Ever since I gazed down on Mount Ware from Bluerock Mountain, I had always wanted to climb it. The mountain, although diminutive, appeared stately.
To climb it, I decided to take the second route in the Kananaskis Country Guide (I thought it might be shorter than the first route, but it turned out to be the same distance). I hiked up Gorge Creek Trail six klicks before breaking off to ascend a gully on the south slope of Ware.
Knowing I would encounter several trail junctions and given the potential for taking a wrong turn, I tried to be wary on my way to Ware. Even so, I managed to take a wetter route than necessary. I kept left at the fork at GR607138 (thinking the right fork went up to Little Ware) and ended up dropping down into the narrows. Here Gorge Creek winds through a canyon. I had to cross the creek at least five times before the trail rejoined. Fortunately the water was low enough that I could rock-hop across.
After a flat stretch along the valley bottom, and two more creek crossings, the trail climbed to a fork at GR593142. I took the right fork. This side trail led up a wooded slope only to disappear when it reached a pleasant gully with widely spaced trees (this trail would be easy to miss coming down). Travel up the gully was enjoyable, a relief from the muddy Gorge Creek Trail. As I climbed, the trees fell away to reveal the east ridge of Mount Ware. After topping the ridge, the summit lay a short distance away.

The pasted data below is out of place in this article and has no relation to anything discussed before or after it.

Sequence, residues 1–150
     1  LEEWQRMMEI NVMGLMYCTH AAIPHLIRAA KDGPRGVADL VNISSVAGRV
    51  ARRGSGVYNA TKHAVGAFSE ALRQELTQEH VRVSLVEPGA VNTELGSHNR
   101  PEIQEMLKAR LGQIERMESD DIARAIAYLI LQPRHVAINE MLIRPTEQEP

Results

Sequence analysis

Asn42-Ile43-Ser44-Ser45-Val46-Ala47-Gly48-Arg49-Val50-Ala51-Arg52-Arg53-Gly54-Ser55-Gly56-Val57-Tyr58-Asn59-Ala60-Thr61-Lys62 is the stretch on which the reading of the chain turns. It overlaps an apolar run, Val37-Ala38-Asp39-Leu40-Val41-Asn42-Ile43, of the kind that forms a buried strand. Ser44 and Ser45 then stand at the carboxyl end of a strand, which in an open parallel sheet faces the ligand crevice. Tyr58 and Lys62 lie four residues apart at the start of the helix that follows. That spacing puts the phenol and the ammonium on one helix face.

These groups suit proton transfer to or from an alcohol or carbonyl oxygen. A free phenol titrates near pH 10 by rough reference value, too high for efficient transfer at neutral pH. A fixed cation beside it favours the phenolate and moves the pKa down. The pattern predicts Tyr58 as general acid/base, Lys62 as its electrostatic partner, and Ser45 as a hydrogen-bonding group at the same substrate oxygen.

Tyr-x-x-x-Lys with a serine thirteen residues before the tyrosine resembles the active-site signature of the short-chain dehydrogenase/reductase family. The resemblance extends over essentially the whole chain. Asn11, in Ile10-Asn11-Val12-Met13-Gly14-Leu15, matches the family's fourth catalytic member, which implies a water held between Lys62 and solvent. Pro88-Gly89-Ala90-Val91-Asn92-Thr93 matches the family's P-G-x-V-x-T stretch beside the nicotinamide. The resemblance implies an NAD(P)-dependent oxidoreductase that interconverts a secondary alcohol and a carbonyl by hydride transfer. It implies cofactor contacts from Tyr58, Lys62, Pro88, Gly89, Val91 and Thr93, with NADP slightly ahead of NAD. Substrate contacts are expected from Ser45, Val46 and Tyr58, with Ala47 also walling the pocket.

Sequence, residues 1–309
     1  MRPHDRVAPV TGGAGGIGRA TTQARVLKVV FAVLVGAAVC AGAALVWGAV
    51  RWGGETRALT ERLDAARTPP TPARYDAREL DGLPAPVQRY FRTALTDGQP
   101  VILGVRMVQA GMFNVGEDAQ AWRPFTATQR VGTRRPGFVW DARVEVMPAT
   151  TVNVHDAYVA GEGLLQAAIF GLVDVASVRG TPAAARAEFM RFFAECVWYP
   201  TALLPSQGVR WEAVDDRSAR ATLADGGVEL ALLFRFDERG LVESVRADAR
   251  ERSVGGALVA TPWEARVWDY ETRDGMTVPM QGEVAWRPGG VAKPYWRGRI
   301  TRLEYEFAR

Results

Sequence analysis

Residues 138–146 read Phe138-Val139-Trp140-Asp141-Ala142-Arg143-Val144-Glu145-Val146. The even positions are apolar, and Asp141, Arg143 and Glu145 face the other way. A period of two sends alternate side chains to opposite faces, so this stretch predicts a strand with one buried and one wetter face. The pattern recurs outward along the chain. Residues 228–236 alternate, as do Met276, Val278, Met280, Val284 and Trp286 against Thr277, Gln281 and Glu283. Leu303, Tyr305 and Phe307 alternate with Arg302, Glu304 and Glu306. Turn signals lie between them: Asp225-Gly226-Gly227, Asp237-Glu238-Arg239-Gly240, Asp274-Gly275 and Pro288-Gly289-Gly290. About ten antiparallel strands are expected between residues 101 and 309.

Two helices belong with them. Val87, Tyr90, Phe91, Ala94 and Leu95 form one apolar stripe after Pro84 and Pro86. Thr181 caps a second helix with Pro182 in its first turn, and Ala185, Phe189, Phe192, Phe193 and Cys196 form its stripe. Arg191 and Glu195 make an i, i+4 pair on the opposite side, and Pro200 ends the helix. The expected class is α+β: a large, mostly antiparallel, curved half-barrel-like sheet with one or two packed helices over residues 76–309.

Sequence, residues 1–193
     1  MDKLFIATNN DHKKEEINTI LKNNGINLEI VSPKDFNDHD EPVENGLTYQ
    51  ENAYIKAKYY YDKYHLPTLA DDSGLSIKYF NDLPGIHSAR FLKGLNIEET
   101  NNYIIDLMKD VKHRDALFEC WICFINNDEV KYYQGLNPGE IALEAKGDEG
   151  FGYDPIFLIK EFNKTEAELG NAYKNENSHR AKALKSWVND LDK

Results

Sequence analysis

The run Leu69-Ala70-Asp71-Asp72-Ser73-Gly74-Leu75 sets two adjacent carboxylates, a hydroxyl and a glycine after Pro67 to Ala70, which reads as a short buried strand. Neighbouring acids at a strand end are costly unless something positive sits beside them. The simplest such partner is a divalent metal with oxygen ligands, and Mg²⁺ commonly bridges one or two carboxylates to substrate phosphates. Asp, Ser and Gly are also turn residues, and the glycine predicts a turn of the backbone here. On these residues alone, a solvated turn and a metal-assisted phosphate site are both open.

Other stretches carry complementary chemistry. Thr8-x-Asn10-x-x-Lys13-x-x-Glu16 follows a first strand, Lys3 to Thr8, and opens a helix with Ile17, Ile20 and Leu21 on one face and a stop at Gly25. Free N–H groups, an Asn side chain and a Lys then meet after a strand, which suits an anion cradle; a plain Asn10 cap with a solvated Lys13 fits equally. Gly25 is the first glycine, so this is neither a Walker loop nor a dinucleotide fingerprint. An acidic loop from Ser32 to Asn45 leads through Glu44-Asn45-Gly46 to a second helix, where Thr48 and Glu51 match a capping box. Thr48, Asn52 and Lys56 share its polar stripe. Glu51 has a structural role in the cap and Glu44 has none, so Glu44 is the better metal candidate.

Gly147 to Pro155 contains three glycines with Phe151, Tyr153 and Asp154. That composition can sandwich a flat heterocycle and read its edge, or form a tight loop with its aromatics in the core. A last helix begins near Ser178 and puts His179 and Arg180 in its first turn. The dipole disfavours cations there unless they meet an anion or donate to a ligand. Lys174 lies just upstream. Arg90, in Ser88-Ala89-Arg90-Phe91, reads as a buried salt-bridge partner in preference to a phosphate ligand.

Ware was crowned with a seven-foot cairn, an abomination that I had to climb halfway up to take a full panorama (I'm sure a three-foot cairn would serve just as well). While Ware enjoyed dry slopes, the mountains west were under snow, magnifying their magnificence.
Retracing my steps back down the mountain, I found a trail on the west side of the ascent gully (I hiked up the east side) and I followed it down to Gorge Creek Trail (GR59144). Curiously, this side trail ended abruptly at the edge of a meadow about 100 m before Gorge Creek Trail. There was no cairn, flagging or path to it, so it could be easily overlooked, as if the trail was only used for descending. I followed Gorge Creek Trail back, this time taking the detour that avoids the narrows.
As a short trip, I enjoyed hiking up Mount Ware. I'd like to do it again someday, although I would use the first route and take in Little Ware.
In this close-up taken from the road, Mount Ware appears red at sunrise. The open ascent
gully I used is on the right.
On the muddy trail near the start
After crossing the bridge, I was so focused on Mount Ware ahead I
started walking past the turn-off in the trees on the left (mouse over)
Past the trees, I could see Missinglink Mountain behind me (mouse over)
The trail mostly stays well above Gorge Creek
One of the most scenic spots along the trail (click for a larger image)
I wondered if I might find unwanted company on the trail ahead
The first of several creek crossings in the narrows, after I mistakenly took the left fork after the
The stretch of trail leading to the base of Mount Ware
Finally Mount Ware appears (right)
The ascent gully
The gully led to the south slopes of Mount Ware
Partway up, I could barely make out the summit on the far left
After gaining the ridge I headed to the summit
Looking down at the ascent gully
Little Ware is on the right (mouse over)
On my way up
Looking back, Junction Mountain on the skyline (mouse over)
Bluerock Mountain, Mount Rose and Threepoint Mountain
Closer look at Rose and Threepoint
On the way back, I took the detour above the narrows. Below is the creek I crossed earlier.
82 J/10 Mount Rae
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